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winchman
12-12-2011, 02:22 AM
I want to put together a welding turntable, and I was looking at options for the grounding contacts. I saw this picture where it looks like the brushes are riding on the steel shaft.

http://www.weldlogic.co.uk/Level3%20Pics/gear-and-ground.jpg

That would make things a bit easier, but I wonder how well it would work.

What sort of surface finish and contact pressure would be needed?

I was thinking of using brushes from a Chevy starter motor, like these:

http://www.classicindustries.com/images/productimg//r/rx6004.jpg

darryl
12-12-2011, 03:11 AM
Why not- while you're at it, why not pick up a piece of copper pipe large enough to slip over the stem. You can notch into the ends to allow you to fold fingers in to touch the stem, then put a clamp around the fingers at each end of the copper pipe. This will give you about a dozen or so tight connections from the copper pipe to the rotating stem, for a low resistance connection. The brushes can ride on the copper pipe. The copper pipe will dissipate any heat from the brushes very quickly, and if you seat the brushes to the curve of the pipe you'll have a pretty good contact. The brushes are made to ride on copper after all- just make sure you clean it well to start with, and keep it clean. I would think that you should provide some individual spring pressure to each brush to maintain each one in good contact. I don't think you'd really need more pressure than what you'd find in a starter motor spring.

I haven't learned to weld (yet) but I suspect that you would want a reliable and consistent ground connection on something like that. I would not run the brushes directly on the steel, no matter how smooth you make it.

camdigger
12-12-2011, 03:12 AM
I don't quite understand what the fuss is about. I have a simple steel collar with a tab welded on it on my rotary spindle. It seems to work fine for the work I do (140 amp max DC stick welding).

I don't see a spring to keep the brushes in good contact with the shaft on the unit shown? I would suspect that relatively light springs would be all that would be required - just enough to overcome the resistance to bending of the wire braid and to maintain contact. It may be adviseable to shape the brushes to the shaft to prevent arcing between the flat surface and the shaft?

torker
12-12-2011, 06:16 AM
I made a grounding ring that bolted to the back of the chuck and a spring loaded lever to contact it. Clamp the ground onto the tang of the lever and go welding...
That way none of the current goes thru the headstock bearings...or so I'm told.
Russ

wierdscience
12-12-2011, 08:41 AM
Mine is a chunk of 1" Bronze round bar I had laying around spring loaded inside a insulator.The contact end is turned down to a point with a 3/8" diameter contact area.It makes contact on the back of the chuck backing plate.It's been working pretty good for a couple years now with little wear on the contact.

Mine started out with the same Chevy brushes which worked pretty good,but the new system works better since I don't have to change brushes every 20-30 hours.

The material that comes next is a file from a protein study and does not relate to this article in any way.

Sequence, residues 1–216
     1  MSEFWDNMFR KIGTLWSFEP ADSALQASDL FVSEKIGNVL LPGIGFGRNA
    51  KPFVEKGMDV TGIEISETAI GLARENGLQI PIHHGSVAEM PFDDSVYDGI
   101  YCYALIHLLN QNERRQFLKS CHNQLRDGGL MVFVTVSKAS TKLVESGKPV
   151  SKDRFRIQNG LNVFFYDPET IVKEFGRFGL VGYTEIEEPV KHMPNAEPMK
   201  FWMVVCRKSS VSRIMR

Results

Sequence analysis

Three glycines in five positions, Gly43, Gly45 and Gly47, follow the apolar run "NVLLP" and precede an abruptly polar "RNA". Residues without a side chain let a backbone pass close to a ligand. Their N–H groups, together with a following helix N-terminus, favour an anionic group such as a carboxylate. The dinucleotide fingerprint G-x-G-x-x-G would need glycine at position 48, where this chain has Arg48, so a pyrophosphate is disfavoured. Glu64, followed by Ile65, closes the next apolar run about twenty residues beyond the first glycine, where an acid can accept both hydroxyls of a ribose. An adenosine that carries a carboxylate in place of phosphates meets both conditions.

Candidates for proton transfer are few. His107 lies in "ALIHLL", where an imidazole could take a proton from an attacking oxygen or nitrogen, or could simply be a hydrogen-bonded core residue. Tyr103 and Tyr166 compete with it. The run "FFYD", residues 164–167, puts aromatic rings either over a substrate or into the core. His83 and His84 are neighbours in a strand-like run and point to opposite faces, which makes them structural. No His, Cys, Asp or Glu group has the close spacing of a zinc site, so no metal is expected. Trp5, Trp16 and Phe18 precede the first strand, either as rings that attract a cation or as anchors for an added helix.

mochinist
12-12-2011, 09:29 AM
We're repairing this welding turntable for a customer right now, it uses a spring loaded pad that sandwiches a piece of 1" thick graphite between the table and base.

base with two spring loaded pads
http://img.photobucket.com/albums/v471/mochinist/Mobile%20Uploads/th_IMG_7591.jpg (http://img.photobucket.com/albums/v471/mochinist/Mobile%20Uploads/IMG_7591.jpg)

The table

http://img.photobucket.com/albums/v471/mochinist/Mobile%20Uploads/th_IMG_6840.jpg (http://img.photobucket.com/albums/v471/mochinist/Mobile%20Uploads/IMG_6840.jpg)

Black Forest
12-12-2011, 09:42 AM
Just get yourself a braided ground cable. bolt your ground cable to one end of the ground cable from the welder. (yes I know it is not really a ground cable) and onto the table somehow. Then just wrap the braided ground cable a half wrap around the turntable shaft and attach a spring to keep contact to the shaft.

MichaelP
12-12-2011, 10:10 AM
Here is an excellent approach to welding positioner grounding that Black Forest is trying to explain (see post#8): http://www.practicalmachinist.com/vb/general/how-ground-rotating-plate-welding-rotator-231798/

duckman
12-12-2011, 10:58 AM
Camdigger if you look very carefully you will notice that there are 2 springs for each contact look for the rivets.

JoeLee
12-12-2011, 11:13 AM
The one I saw that was a commercially built unit that somone removed from a machine and used it for a manual set up. It haad 4 sets of spring loaded bruse type contacts and the were submersed in oil. My guess is it was some kind of cunductive oil that help eliminate arcing and lubricated the brushes at the same time. It also had a limit rating for amperage, but I can't remember what it was. The more current you pull through it the more the resistance becomes and the shaft becomes harder to turn. As someone else pointed out you don't want to pull a currant through any ball bearing as they will arc out quickly.

JL................

HAP
12-12-2011, 12:17 PM
Here's what I did:

http://bbs.homeshopmachinist.net/showthread.php?t=46599

winchman
12-12-2011, 12:47 PM